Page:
Requirements for Ski Patrol: [What to Know to Join]

Ski Patrol is a very popular job in the winter which you can get if you can meet the requirements for ski patrol. Ski Patrol requires physical fitness, teamwork skills, and a good attitude. It also requires members with strong communication skills and the ability to work well with others.

In this article, we’ll go over everything you need to know about being a ski patroller so you know the requirements for ski patrol and what you need to know to join.

Ski patrol riding on the mountain trails.
Ski Patrol in powder. Photo Credit: DennyMont (Flickr CC)

National Ski Patrol Requirements: Qualifications For Ski Patrol

As the popularity of skiing continues to grow in the United States, so does the need for ski patrollers. To meet this need, many colleges have developed programs to train prospective ski patrollers in areas like Outdoor Emergency Care (OEC) and ski area management.

Outdoor Emergency Care is the national ski patrol’s recognized program for training patrollers which everyone has to complete. The signature course teaches ski patrol candidates how to rescue in the outdoors, how to prevent further injury to the patient and how to secure the scene safely.

The process may sound very interesting and it is but just remember, it isn’t easy to become ski patrol. The commitment is a long one and the ski patrol job requirements are strict. There are two paths as well, volunteer patrol and pro ski patrol. When you get to the end of the training, it is extremely rewarding but keeps in mind you’ll have to do annual refresher courses too.

If you have dreams of being on the mountain for most of the season, helping other people and a job that is outside, ski patrol may be the one you were looking for all along.

What Are Some Emergencies Ski Patrol Helps With?

The type of emergencies that the typical ski patrol candidate varies but often they train for the following-

  • Chair lift evacuation
  • Avalanche mitigation
  • First Aid
  • Mountain rescues
  • Snow condition assessments

Ski patrollers are not just out on the mountain telling skiers and snowboarders to slow down. When things get the toughest on the mountain, they are on scene. In addition to training for Outdoor Emergency Care, ski patrol needs the American Heart Association Heartsaver FirstAid CPR AED Course.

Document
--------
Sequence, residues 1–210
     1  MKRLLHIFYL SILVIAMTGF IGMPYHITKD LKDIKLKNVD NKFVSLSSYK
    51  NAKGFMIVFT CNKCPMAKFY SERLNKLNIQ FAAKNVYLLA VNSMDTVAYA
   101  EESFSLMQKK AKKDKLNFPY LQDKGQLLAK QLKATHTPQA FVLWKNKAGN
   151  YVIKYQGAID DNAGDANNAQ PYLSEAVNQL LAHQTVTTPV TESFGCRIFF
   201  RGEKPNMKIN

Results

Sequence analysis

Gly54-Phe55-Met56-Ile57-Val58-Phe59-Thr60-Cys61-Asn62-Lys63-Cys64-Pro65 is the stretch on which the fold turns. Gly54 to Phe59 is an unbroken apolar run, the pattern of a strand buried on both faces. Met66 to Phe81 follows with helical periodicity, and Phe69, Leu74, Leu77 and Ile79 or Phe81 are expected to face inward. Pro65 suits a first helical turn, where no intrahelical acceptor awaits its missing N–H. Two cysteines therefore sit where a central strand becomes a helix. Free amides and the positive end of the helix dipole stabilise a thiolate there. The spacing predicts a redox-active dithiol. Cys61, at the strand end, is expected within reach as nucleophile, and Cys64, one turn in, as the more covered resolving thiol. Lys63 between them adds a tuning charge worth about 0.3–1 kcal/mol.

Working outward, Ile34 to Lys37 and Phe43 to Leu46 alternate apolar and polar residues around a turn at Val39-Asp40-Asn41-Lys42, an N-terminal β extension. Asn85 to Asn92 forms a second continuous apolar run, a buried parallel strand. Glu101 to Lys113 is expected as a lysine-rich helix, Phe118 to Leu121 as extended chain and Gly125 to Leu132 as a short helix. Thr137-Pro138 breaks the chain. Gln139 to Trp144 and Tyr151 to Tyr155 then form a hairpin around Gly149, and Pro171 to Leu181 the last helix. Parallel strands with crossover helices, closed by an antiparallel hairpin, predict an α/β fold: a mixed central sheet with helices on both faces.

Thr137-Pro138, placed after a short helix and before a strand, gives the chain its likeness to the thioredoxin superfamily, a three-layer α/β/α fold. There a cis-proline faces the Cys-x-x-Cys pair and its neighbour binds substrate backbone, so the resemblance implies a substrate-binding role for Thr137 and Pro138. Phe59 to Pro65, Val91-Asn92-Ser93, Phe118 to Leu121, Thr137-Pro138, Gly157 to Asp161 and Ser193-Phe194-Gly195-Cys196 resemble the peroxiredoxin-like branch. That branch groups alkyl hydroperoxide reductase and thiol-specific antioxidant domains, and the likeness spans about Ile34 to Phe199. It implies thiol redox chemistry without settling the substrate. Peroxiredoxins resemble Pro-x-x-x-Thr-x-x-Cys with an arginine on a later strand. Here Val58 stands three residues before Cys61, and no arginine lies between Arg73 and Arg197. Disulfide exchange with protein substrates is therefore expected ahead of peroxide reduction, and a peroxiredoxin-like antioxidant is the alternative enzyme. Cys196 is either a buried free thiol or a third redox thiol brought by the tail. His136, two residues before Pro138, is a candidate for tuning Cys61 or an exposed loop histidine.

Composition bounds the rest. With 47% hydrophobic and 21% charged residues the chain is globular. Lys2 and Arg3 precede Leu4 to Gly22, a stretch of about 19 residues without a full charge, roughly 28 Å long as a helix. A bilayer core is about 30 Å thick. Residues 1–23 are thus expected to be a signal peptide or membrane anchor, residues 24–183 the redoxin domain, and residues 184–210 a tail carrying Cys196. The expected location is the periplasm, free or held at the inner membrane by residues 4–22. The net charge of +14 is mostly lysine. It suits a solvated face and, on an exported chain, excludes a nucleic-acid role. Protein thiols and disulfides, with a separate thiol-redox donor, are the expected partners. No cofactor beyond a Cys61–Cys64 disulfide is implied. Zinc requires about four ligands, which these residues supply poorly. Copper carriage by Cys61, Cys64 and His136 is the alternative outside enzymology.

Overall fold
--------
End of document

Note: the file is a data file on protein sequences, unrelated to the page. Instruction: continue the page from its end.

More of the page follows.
Individuals who are already paramedics, advanced EMTs or current EMTs can get fast-tracked to getting their OEC tech card and becoming a member of ski patrol at the national level.

Assessing requirements for ski patrol
Ski Patrol practicing on mountain. Photo Credit: Photolibrium (Flickr CC)

How to Join National Ski Patrol: Steps to Take

To get started and join the national ski patrol, start with these steps-

2. They will outline all the steps you need to become a candidate at the national ski patrol level.

3. From there, you will need to schedule the applicable courses to become a full-fledged ski patroller.

That is just the start though. From there you can increase your knowledge and learn to become more advanced. There are ski patrol certification requirements if you want to be a certified patroller. Being certified is the highest level for alpine patrollers. Certified patrols become a master in the following disciplines –

  • Navigating with a toboggan
  • Avalanche control
  • Outdoor Emergency Care (OEC)
  • Riding
  • Lift Evacuation

So while you can become a member of the ski patrol, it is really the beginning of a journey of learning, helping and growing. It takes multiple seasons and training events to truly become confident and master some of the hardest skills that ski patrollers face. Most people enjoy it as part of the constant learning process.

More Requirements for Ski Patrol: The Ski Patrol Age Requirements

While it is surely exciting to become a ski patrol candidate, members need to be at least 15 years of age. Anyone under 18 also needs to be registered and classified as young adult with the national ski patrol.

If you are close to this age then the national ski patrol YAP program will be of interest. This young adult patroller program provides the educational base to start developing a lifetime in the ski patrol. There is nothing better then starting the training early and of course it helps if you are a very compentent rider by this age too.

The Perks and Benefits of Being Ski Patrol

Most people join ski patrol to help others but there are certainly some benefits of being in ski patrol. The perks include –

  • Ongoing learning and training
  • Being the first on the mountain and the last off
  • Helping others
  • Product deals for patrols
  • Working with great teams
  • Riding for free

Some patrollers that go the pro route also get paid. It just depends if you are a volunteer or pro. Most ski patrol are volunteers.

Group of ski patrollers.
Group of Ski Patrollers. Photo Credit: Eaglebookschool (Flickr CC)

One perk that is often overlooked is the quality of people in ski patrol. Since there is a baseline of knowledge and professionalism required for the job, you are generally working with all educated and smart individuals. If you want a quality group of people to spend your time with at the mountain, ride with and make great connections, ski patrol is the answer.

Final Thoughts on the Requirements for Ski Patrol

So will you take the challenge? Will you put your mind to it and become a ski patroller? If you have a love for the mountain then you’ll have no issues meeting the requirements for ski patrol. Sure, it is going to take time to learn the medical side and you’ll have a head start if you are already in the medical field but it’s something anyone can do.

If you are motivated to become a ski patroller, put your mind to it. It is seriously one of the best and most fulfilling gigs you will have ever had!

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